Lampreys are typically thought of as blood-suckers. Indeed, many of the most well-known members of this are fish parasites that kill their host and cause untold economic damage. The introduction of sea lampreys into the Great Lakes by the construction of locks and canals for shipping essentially destroyed the fishing industry in the lakes and devastated the native trout species (probably more economic cost from that than all the benefit they’ve provided). According the Great Lakes Fishery Commission “before sea lampreys entered the Great Lakes, Canada and the United States harvested about 7 million kgs. (15 million lbs.) of lake trout in lakes Huron and Superior annually. By the early 1960s, the catch was only about 136,000 kgs. (300,000 lbs.). The fishery was devastated.”

With all that context, why is there a lamprey species listed as a Threatened species in Kansas? Well, I’m still not sure. The Chestnut Lamprey (Ichthyomyzon castaneus) appears to occur sporadically, but widely, across the Eastern United states. Early literature describes them as “little known” (Jordan 1918). Hall and Moore (1954) considered them rare, and were apparently surprised to be able to find them easily to conduct some fairly technical taxonomic studies (apparently a lot has been made about their teeth?). In 1973, the Kansas Academy of Sciences (KAS) published a list of Rare, Endangered and Extirpated Species in Kansas, and included the Chestnut lamprey as a species “Endangered in Kansas but not nationally” because its status was uncertain and no records had been collected since the 1950s. They recommended stabilizing flow and minimizing turbidity on small, high-gradient streams. Kansas T&E laws date from 1975, and I suspect but cannot confirm yet that the KAS list was adopted en masse when the state law went into effect. So apparently the species was being found with relative frequency prior to the 1950s, then stopped being found anywhere in Kansas except in the main-stem of the Missouri and Kansas Rivers. There’s a nice-looking map on Natureserve that seems to indicate the species is imperiled several places in its range, but I’ve got a touch of color-blindness and therefore I can’t really interpret the map very well (feel free to do so yourself).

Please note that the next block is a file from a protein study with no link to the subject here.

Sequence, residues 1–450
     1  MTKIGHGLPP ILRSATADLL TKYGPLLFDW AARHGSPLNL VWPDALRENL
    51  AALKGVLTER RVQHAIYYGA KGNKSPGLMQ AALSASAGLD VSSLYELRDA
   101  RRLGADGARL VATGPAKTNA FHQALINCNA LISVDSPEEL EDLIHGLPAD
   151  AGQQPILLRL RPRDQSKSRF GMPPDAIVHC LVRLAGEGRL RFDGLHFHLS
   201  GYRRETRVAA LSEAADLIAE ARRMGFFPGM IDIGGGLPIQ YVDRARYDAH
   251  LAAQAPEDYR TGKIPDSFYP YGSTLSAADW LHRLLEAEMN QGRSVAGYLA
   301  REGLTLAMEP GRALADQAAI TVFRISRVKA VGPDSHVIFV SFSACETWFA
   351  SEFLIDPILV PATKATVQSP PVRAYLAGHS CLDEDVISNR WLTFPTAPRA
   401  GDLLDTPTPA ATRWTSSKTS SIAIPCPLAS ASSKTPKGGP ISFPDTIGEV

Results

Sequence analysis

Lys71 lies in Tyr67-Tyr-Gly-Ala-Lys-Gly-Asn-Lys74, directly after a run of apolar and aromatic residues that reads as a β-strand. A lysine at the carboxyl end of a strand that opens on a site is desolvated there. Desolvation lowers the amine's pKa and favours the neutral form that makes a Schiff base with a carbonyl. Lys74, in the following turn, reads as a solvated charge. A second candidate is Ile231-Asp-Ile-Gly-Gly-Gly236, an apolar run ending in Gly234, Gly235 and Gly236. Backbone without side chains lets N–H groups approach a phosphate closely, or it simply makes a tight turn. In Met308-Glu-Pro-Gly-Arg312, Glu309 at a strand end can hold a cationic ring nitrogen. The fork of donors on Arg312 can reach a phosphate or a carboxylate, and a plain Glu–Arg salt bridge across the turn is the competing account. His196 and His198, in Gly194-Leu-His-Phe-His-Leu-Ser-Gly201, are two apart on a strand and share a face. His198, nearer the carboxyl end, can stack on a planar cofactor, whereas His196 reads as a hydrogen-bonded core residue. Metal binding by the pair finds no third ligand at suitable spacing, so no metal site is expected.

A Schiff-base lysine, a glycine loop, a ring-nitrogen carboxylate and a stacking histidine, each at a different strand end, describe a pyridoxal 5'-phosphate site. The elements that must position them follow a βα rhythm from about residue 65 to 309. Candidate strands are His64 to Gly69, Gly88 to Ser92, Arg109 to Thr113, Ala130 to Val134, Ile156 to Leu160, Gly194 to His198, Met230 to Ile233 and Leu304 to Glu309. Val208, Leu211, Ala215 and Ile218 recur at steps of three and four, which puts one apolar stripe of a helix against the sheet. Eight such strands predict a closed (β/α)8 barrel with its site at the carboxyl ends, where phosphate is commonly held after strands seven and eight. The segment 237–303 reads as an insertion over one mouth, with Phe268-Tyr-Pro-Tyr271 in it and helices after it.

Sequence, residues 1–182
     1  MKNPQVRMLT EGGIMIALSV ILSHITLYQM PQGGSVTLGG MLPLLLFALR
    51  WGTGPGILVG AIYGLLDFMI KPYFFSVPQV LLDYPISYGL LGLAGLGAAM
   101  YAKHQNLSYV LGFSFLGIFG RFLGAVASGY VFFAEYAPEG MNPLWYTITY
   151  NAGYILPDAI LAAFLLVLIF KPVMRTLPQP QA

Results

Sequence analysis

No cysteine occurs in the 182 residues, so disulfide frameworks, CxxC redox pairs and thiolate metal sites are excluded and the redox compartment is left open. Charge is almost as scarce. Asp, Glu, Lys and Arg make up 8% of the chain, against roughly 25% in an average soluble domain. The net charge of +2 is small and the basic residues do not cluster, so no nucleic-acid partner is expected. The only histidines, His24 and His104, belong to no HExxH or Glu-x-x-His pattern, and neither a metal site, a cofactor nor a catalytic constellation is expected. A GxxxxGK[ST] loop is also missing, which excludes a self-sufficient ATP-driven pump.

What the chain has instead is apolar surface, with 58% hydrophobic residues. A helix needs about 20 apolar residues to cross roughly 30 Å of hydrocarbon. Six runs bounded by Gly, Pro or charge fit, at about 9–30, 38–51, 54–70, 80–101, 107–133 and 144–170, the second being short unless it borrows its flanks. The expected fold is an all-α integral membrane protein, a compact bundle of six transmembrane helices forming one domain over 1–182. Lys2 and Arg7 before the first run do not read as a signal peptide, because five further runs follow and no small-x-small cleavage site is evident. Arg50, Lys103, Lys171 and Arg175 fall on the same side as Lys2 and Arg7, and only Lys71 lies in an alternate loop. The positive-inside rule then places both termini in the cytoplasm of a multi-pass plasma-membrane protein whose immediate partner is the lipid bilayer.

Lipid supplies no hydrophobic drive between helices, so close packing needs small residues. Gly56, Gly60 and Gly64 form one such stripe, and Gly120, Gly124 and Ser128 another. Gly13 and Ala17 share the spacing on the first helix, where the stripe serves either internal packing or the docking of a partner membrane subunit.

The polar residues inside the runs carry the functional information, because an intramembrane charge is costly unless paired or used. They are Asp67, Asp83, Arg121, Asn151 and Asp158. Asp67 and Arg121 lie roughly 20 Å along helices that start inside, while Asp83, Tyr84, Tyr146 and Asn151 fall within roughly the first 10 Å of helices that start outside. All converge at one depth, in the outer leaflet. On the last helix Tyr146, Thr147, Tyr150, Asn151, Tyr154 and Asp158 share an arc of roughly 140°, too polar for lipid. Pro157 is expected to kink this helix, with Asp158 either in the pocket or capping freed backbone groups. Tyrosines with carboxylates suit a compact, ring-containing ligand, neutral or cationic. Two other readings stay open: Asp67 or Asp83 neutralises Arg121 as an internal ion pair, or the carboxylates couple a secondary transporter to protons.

Hall and Moore (1954) also described the Chestnut Lamprey’s ecology and habits in Oklahoma, suggesting that this might be one of those native species that actually benefits from the construction of large reservoirs. This is because large fish moving upstream are forced to stop at the barriers presented by reservoirs. Where they congregate, the Chestnut lamprey is able to find abundant food, and their larvae are able to survive better because of the removal of silt. However, the construction of those dams in Oklahoma also corresponds to the species disappearing in Kansas (~1950s-60s). I have a hypothesis that the lamprey throughout the Ark basin was a single, massive metapopulation that became fragmented after the construction of the dams and was subsequently wiped out by random, local, events (i.e., feedlot runoff in the Neosho basin killed hundreds of thousands of fish in the Neosho Basin).

These days, the species if found in Kansas only in the Missouri River and the Kansas River below a dam in Lawrence. That’s an extremely limited range. Cross and Collins (1995) also indicate an active record in Cherokee County (extreme SE Kansas on the Ozark Plateau). That’s actually an area of intense heavy-metal pollution due to mining activities over the past hundred or so years, and I suspect if any lampreys exist, they survive in Missouri and only occasionally wander into Kansas. The only designated critical habitat for this species in Kansas is the Missouri River, and as far as I know, KDWP is not taking any special actions or precautions for the species. This is one of those species I don’t know a lot about, so as I read more, I may write more on it.

Jordan, D.S. 1918. The Freshwater Lamprey’s of the United States. Copeia, 64: 93-96

G.E. Hall and G.A. Moore. 1954. Oklahoma Lampreys: Their Characterization and Distribution. Copeia, 2:127-135

Kansas Academy of Science. 1973. Rare, endangered and extirpated species in Kansas. I. Fishes. Transactions of the Kansas Academy of Science 76:97-106.

Thursday, September 4, 2008

What? Thursday? Already?

No Analyze Everything this week. Labor day messed up my schedule. Will return next week.